1809 ENGLISH POETRY 1579-1830: SPENSER AND THE TRADITION

William Gifford

Lord Byron, in English Bards and Scotch Reviewers (1809); Poetical Works, ed. E. H. Coleridge (1898-1904) 1:363 & n.



"Why slumbers GIFFORD?" once was asked in vain;
Why slumbers GIFFORD? let us ask again.
Are there no follies for his pen to purge?
Are there no fools whose backs demand the scourge?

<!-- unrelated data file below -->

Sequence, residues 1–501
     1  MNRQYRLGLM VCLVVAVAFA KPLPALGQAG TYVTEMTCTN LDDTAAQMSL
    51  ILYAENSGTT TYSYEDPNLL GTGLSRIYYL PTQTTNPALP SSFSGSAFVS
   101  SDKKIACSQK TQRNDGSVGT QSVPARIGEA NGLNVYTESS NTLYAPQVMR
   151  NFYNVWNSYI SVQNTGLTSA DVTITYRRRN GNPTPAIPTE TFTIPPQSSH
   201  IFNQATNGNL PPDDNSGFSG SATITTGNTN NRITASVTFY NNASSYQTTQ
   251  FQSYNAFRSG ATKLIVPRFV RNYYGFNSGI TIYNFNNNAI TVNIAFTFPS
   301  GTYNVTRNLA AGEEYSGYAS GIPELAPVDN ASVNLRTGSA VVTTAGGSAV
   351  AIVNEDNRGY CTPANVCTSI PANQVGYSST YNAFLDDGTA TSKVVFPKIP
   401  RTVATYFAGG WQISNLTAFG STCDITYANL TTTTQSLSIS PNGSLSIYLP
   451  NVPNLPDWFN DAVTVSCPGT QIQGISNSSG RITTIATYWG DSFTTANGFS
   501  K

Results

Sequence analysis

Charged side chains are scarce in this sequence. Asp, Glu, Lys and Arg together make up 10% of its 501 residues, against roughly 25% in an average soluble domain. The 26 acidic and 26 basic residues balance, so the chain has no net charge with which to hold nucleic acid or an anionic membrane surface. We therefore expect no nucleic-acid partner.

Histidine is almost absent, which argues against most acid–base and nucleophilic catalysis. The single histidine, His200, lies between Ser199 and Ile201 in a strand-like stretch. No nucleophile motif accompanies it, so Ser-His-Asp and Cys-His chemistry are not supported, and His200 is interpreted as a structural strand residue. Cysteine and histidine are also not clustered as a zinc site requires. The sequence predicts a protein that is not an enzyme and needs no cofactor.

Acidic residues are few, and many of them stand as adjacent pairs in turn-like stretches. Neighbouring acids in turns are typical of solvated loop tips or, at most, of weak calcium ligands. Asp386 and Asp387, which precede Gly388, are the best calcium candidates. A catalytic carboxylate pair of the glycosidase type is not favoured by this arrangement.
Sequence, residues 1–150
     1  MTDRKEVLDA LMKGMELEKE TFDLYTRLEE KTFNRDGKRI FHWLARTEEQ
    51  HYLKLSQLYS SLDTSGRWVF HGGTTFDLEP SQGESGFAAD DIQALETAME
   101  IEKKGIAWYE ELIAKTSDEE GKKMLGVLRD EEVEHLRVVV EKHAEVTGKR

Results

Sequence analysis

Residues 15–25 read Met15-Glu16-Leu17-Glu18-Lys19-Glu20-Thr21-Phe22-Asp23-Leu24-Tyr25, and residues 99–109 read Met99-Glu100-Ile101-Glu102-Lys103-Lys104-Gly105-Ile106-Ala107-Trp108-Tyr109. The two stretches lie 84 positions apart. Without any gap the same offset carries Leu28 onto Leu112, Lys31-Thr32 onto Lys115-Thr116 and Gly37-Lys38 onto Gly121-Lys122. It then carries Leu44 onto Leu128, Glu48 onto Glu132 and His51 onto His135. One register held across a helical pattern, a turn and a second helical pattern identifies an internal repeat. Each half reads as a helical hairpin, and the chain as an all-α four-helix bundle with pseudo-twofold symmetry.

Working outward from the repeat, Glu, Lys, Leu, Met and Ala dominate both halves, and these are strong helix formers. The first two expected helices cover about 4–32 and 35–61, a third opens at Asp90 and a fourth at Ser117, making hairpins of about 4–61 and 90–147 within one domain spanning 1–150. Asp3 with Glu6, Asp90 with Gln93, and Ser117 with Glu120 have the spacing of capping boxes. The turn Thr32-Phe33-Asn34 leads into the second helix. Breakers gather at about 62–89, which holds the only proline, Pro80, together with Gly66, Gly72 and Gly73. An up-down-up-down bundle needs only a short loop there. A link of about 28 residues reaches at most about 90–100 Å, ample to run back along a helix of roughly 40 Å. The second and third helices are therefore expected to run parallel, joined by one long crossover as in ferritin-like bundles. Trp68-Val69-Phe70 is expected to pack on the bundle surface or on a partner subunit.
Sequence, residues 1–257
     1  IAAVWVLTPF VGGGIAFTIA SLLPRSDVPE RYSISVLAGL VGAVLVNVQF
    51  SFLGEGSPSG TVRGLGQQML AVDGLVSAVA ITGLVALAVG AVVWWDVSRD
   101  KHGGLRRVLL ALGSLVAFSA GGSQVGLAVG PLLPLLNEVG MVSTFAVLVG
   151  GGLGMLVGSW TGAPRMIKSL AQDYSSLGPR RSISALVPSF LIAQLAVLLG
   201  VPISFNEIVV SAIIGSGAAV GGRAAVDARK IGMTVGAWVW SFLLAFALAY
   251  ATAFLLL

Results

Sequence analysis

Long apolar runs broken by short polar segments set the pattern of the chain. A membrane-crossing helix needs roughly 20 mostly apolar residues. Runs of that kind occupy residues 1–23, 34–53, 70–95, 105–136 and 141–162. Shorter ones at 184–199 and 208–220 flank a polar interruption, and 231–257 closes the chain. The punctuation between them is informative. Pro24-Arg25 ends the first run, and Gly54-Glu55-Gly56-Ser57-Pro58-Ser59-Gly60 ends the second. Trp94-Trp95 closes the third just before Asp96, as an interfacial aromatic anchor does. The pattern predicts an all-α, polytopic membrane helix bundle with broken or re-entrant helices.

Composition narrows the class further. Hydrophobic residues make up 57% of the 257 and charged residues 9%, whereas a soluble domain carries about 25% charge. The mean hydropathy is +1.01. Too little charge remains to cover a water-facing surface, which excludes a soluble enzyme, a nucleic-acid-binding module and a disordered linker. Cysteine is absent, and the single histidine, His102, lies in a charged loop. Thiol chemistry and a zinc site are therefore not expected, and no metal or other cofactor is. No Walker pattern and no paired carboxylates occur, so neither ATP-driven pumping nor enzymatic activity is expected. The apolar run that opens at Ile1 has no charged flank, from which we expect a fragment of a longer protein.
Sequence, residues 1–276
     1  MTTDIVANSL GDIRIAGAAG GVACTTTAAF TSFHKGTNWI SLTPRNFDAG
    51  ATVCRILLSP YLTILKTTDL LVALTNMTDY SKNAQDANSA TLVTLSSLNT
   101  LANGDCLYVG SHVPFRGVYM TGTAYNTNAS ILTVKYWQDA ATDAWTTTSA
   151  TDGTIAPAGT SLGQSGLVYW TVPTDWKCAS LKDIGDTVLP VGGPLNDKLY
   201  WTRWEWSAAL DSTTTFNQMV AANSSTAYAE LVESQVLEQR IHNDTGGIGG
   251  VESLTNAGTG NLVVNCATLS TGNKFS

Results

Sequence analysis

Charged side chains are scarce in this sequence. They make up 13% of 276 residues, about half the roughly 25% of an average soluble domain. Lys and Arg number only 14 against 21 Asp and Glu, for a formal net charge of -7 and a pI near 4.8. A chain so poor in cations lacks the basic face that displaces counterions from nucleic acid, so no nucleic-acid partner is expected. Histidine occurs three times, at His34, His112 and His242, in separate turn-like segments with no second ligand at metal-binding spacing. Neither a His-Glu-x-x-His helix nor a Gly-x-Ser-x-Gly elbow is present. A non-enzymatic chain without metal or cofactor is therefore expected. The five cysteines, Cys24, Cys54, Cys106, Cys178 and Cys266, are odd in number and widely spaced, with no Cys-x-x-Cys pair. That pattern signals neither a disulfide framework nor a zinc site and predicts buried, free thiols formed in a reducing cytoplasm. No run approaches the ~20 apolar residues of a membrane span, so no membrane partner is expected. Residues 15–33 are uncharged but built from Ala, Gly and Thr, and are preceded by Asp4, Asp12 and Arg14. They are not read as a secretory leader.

Are there no sins for Satire's Bard to greet?
Stalks not gigantic Vice in every street?
Shall Peers or Princes tread pollution's path,
And 'scape alike the Laws and Muse's wrath?
Nor blaze with guilty glare through future time,
Eternal beacons of consummate crime?
Arouse thee, GIFFORD! be thy promise claimed,
Make bad men better, or at least ashamed.

Mr. GIFFORD promised publicly that the Baviad and Maeviad should not be his last original works: let him remember, "Mox in reluctantes dracones."